We arrived at the site around 8 a.m. on Tuesday, and the crew prepared to establish our mooring on the wreck. The first team entered the water and secured a shackle to the portside of the wreck at around 180 feet. Apparently, Sal was not satisfied with the status of the mooring and sent a second team in to secure another line to the wreck. We were all confused with the operation, but we hung out and awaited for our time to gear up and visit the wreck. Once things were satisfactory to Sal, our team geared up in groups and splashed to descend to the wreck of the Doria. I hit the water with my buddies to conduct our initial dive, planning only to goof off and meander along the remains of the promenade decking aft towards the stern. The two lines attached by the crew passed by each other, one at the outside edge of the promenade deck, the other continuing down to a piece of wreckage on the boat deck. The crew had no real idea what the relation of the two lines were to each other due to the required use of air (by the Captain) to moor into the wreck; they were a tad buzzed due to the darkness and current. The advantages of current technical diving practices have apparently not been embraced by all sectors of the diving community. It was the belief by the Captain that it was "safer" to tie-in on air, rather than mix, as the divers could quickly ascend in an emergency. Needless to say, this came up in conversation later as we briefly discussed our diving practices and worked to dispel misinformation with the Captain and the portion of the crew that was interested in learning. More on this later...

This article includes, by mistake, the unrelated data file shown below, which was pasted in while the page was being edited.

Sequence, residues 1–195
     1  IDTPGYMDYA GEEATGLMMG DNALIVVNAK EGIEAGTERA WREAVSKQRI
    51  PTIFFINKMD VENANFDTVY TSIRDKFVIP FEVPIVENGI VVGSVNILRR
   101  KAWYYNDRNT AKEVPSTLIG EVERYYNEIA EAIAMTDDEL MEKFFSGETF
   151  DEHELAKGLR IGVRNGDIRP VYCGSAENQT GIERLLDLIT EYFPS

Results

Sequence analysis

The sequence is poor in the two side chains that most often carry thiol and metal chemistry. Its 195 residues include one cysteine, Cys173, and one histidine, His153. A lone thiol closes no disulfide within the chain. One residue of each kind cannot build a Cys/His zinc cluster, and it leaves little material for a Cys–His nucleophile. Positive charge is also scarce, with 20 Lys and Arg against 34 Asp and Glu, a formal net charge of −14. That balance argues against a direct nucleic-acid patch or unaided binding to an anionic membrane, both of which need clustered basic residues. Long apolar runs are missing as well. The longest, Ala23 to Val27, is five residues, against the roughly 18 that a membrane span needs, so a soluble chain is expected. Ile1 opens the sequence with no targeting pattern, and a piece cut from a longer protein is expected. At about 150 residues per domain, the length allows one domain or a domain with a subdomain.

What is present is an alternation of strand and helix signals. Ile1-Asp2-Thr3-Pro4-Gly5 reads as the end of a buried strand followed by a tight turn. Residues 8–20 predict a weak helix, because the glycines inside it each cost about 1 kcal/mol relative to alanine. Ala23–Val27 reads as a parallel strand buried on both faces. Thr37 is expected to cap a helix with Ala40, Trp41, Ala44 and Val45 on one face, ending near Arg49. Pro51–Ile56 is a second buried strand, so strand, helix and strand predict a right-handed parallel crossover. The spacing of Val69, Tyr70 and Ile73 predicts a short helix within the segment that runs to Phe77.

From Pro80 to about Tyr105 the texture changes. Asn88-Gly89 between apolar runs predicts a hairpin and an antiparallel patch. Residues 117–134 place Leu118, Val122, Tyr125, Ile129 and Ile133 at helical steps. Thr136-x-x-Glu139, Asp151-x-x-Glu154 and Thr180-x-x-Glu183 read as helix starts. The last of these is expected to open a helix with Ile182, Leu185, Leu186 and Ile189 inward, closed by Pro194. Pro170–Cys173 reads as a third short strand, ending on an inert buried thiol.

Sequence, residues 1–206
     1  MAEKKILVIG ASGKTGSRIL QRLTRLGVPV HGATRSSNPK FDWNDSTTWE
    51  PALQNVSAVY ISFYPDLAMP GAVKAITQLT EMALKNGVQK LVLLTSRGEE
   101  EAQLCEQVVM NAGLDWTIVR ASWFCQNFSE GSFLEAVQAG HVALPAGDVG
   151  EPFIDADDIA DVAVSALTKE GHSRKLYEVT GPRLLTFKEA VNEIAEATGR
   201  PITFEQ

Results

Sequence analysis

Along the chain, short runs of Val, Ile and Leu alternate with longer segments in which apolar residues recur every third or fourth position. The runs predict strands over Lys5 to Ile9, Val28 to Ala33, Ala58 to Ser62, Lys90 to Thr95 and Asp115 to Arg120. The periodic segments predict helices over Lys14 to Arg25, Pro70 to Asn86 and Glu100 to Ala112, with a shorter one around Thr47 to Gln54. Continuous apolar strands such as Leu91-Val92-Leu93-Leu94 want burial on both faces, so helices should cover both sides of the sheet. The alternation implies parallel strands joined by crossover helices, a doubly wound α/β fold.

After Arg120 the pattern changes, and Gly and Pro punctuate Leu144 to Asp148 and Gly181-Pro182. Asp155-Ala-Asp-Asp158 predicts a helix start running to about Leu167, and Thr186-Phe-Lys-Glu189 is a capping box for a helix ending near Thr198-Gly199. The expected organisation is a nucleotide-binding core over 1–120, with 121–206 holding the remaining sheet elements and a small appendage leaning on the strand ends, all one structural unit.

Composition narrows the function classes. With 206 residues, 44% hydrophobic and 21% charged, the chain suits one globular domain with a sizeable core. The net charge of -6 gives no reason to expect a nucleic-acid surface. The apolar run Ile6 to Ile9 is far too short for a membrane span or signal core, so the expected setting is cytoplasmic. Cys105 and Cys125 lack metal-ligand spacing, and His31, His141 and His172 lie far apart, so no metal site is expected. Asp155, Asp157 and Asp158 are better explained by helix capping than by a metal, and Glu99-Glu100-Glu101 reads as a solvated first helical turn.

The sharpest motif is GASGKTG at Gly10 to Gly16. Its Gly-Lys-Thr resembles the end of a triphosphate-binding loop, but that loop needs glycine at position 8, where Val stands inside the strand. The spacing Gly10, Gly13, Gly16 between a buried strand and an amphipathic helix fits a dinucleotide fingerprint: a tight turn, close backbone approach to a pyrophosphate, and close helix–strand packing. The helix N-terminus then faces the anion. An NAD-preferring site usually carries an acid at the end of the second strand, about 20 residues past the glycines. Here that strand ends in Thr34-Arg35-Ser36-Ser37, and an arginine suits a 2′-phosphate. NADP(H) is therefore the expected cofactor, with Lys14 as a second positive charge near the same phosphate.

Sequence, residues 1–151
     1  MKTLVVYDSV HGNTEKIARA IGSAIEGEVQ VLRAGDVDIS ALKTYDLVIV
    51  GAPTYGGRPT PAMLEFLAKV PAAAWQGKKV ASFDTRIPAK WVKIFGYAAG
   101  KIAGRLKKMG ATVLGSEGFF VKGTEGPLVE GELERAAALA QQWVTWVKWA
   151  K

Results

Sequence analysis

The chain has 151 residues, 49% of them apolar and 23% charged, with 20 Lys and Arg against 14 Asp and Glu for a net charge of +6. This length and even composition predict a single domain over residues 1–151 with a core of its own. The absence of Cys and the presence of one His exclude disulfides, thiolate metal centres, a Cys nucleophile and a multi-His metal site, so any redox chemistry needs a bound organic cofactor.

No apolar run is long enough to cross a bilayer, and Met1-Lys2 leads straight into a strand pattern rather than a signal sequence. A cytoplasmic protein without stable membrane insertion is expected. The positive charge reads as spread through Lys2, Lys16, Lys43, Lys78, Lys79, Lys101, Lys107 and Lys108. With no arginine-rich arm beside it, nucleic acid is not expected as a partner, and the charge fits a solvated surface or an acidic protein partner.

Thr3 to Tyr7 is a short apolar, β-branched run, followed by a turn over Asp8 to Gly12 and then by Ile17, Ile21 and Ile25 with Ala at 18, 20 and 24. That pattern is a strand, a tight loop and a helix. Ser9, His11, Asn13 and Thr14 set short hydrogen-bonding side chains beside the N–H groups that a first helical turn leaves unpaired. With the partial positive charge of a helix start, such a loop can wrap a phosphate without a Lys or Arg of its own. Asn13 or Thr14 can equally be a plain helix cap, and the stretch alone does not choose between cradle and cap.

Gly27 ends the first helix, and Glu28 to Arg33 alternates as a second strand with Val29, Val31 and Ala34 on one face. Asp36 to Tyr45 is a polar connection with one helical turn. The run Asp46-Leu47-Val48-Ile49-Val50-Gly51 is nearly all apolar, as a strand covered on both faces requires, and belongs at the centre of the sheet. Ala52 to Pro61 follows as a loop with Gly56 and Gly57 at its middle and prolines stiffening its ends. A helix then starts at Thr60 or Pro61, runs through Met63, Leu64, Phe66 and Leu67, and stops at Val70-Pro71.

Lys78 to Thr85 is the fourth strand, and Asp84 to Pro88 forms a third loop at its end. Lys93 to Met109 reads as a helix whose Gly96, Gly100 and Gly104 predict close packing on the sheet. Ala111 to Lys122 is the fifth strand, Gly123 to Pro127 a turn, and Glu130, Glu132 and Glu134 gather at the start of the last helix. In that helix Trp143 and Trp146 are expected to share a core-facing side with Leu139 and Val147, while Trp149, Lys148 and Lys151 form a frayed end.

Our first dive was just a simple tour to familiarize ourselves with the wreck. Our entire team was content with simply diving the wreck and seeing as much as possible, and there was a total absence of "tunnel-vision" to recover artifacts; any recovered artifacts were simply icing on the cake. Unfortunately, the dive conditions were less than ideal: bottom temperatures ranged from a high of 49 degrees on one dive to a low of 46 degrees on most visits; visibility was a misty 20 feet at best, though due to fog and rain, ambient light was minimal on the bottom and every dive was akin to a night dive; and there was a constant midwater current, though nothing compared to the currents we commonly deal with in Florida. At the end of our bottom time, we slowly headed up, still wondering what all the hype was all about. Decompression was uneventful and boring, in part due to the hazy visibility that we experienced top to bottom. Soon, the team was faced with the true "Mount Everest of Wreckdiving" when we surfaced and had to climb the "Ladder from Hell" on the Sea Hunter III. It was a horrific workout, but by the end of the trip, most everyone had learned the "step and slide" that works well with this type of ladder. It still sucked though...